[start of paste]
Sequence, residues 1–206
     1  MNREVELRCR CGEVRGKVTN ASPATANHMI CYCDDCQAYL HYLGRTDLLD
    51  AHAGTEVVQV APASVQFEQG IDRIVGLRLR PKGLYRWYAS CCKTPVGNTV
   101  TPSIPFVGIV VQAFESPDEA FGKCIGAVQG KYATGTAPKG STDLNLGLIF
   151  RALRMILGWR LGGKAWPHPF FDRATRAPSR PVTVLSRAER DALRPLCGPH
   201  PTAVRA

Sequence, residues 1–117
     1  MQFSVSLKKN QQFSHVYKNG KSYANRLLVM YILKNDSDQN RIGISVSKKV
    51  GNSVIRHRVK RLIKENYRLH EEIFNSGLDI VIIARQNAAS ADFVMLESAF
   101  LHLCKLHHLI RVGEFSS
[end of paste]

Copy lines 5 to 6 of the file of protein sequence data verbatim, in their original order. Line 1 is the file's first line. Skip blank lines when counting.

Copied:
   151  RALRMILGWR LGGKAWPHPF FDRATRAPSR PVTVLSRAER DALRPLCGPH
   201  PTAVRA